2 = {0,1} = {Ø, {Ø}}.It should begin to be obvious how the process continues:

3 = {0, 1, 2} = {Ø, {Ø}, {Ø,{Ø}}}

4 = {0, 1, 2, 3} = {Ø,{Ø}, {Ø,{Ø}}, {Ø, {Ø}, {Ø, {Ø}}}}

5 = {0, 1, 2, 3, 4}etc.

The idea is simply to define a natural number n as the set of all
smaller natural numbers: {0, 1, …, *n* - 1}. In this way, *n* is a particular
set of *n* elements.

This idea still has a fundamental deficiency. We have defined 0, 1,
2, 3, 4, and 5 and could easily define 17 and—not so
easily—324. But no list of such definitions tells us what a
natural number is in general. We need a statement of the form: A set
*n* is a natural number if …. We cannot just say that a
set *n* is a natural number if its elements are all the smaller
natural numbers, because such a “definition” would involve the very
concept being defined.

Let us observe the construction of the first few numbers again. We defined 2 = {0, 1}. To get 3, we had to adjoin a third element to 2, namely, 2 itself:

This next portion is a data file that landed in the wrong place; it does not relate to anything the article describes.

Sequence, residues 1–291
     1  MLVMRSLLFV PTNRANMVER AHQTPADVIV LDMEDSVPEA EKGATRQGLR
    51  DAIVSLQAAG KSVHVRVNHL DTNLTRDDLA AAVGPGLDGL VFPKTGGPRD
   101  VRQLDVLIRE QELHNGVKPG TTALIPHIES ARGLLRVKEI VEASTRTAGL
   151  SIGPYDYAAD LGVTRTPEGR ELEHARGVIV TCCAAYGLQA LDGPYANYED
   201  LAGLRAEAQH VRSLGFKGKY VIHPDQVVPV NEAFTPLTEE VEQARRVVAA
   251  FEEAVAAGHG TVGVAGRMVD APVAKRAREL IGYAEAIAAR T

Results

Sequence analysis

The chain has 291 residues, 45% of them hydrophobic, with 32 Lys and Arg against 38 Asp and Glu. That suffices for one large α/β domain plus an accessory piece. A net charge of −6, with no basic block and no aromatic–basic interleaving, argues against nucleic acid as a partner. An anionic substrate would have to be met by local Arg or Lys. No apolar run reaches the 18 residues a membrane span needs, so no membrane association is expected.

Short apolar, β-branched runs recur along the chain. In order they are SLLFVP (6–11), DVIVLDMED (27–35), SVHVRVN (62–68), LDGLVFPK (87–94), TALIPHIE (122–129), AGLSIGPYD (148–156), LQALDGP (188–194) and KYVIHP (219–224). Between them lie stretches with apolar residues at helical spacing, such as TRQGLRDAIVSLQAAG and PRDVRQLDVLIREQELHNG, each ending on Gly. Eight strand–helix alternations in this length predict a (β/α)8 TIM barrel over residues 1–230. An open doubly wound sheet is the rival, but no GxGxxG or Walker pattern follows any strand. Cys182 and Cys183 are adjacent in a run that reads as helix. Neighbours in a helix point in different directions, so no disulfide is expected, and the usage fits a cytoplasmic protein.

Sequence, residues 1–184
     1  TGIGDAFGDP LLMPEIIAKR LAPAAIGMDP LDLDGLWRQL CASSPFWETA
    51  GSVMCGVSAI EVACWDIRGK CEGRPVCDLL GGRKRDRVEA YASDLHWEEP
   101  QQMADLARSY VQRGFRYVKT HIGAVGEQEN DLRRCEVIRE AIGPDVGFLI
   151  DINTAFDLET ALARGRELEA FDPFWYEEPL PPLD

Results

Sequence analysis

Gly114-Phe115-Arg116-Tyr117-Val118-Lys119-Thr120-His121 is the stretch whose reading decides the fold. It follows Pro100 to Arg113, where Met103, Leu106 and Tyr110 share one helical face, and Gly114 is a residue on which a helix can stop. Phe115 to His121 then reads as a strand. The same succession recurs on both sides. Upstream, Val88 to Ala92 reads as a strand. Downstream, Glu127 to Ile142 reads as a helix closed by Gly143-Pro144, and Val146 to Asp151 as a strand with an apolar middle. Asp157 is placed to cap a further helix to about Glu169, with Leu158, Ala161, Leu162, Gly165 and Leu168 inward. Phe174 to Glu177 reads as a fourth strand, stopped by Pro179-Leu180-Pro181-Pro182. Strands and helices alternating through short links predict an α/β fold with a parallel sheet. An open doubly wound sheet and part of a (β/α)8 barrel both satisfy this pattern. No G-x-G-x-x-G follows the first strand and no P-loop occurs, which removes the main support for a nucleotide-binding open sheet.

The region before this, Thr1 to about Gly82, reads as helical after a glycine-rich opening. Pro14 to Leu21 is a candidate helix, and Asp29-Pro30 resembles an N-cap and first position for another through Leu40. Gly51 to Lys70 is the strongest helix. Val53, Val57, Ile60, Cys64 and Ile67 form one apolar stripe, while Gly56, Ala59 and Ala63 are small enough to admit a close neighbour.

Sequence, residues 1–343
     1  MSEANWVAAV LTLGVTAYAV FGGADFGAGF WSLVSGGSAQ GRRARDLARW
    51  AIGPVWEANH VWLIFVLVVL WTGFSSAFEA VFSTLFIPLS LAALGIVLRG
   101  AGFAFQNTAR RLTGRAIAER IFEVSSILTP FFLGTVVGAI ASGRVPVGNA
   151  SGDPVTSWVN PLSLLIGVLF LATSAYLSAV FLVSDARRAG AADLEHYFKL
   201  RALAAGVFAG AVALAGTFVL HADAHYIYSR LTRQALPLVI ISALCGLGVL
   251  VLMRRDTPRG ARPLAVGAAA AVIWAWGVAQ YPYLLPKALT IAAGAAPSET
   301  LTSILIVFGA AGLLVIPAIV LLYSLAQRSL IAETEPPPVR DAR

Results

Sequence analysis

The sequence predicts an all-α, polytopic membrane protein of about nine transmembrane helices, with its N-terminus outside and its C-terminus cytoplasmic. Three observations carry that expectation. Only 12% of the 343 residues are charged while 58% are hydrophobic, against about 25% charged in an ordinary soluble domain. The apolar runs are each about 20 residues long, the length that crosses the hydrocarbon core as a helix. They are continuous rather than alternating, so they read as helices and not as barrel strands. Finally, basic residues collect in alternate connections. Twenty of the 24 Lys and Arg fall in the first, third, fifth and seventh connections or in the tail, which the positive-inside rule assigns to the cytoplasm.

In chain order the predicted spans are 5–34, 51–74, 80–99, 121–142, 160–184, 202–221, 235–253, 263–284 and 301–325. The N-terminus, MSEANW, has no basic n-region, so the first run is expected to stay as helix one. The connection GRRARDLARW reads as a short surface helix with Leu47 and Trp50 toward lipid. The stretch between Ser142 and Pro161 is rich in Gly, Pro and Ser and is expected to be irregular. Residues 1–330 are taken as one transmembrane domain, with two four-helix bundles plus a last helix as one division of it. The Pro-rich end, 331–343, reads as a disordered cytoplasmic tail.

3 = 2 ∪ {2} = {0, 1} ∪ {2}.Similarly,

4 = 3 ∪ {3} = {0, 1, 2} ∪ {3},Given a natural number

5 = 4 ∪ {4},etc.

These considerations suggest the following.

Definition.Thesuccessorof a setxis the setS(x) =x∪ {x}.

Intuitively, the successor *S*(*n*) of a natural number
*n* is the “one bigger” number *n* + 1. We use
the more suggestive notation n+1 for S(n) in what follows. We later
define addition of natural numbers (using the notion of successor) in
such a way that *n* + 1 indeed equals the sum of *n* and
1. Until then, it is just a notation, and no properties of addition
are assumed or implied by it.

We can now summarize the intuitive understanding of natural numbers as follows:

- 0 is a natural number.
- If
*n*is a natural number, then its successor*n*+ 1 is also a natural number. - All natural numbers are obtained by application of (a) and (b), i.e., by starting with 0 and repeatedly applying the successor operation: 0, 0 + 1 = 1, 1 + 1 = 2, 2 + 1 = 3, 3 + 1 = 4, 4 + 1 = 5, …etc.